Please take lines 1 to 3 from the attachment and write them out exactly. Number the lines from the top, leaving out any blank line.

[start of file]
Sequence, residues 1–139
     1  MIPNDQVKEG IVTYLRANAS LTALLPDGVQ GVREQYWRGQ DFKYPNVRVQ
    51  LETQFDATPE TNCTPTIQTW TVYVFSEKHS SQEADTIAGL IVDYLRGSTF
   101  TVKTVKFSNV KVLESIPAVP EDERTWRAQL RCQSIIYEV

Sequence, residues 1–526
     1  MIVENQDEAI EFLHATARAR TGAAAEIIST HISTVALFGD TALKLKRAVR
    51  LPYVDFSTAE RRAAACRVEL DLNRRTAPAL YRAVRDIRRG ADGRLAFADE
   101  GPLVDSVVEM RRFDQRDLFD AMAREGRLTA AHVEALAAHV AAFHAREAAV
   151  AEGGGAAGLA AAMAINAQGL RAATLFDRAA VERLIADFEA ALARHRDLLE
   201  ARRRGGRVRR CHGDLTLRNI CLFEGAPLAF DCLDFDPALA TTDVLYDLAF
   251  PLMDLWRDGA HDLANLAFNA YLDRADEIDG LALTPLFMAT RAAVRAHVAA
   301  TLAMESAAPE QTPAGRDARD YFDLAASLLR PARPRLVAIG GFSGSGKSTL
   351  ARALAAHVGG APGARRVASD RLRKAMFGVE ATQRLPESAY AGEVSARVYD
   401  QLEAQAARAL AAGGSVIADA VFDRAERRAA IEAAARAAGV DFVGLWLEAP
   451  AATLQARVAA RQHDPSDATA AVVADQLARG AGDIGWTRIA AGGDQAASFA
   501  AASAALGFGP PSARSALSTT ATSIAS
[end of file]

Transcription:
Sequence, residues 1–139
     1  MIPNDQVKEG IVTYLRANAS LTALLPDGVQ GVREQYWRGQ DFKYPNVRVQ
    51  LETQFDATPE TNCTPTIQTW TVYVFSEKHS SQEADTIAGL IVDYLRGSTF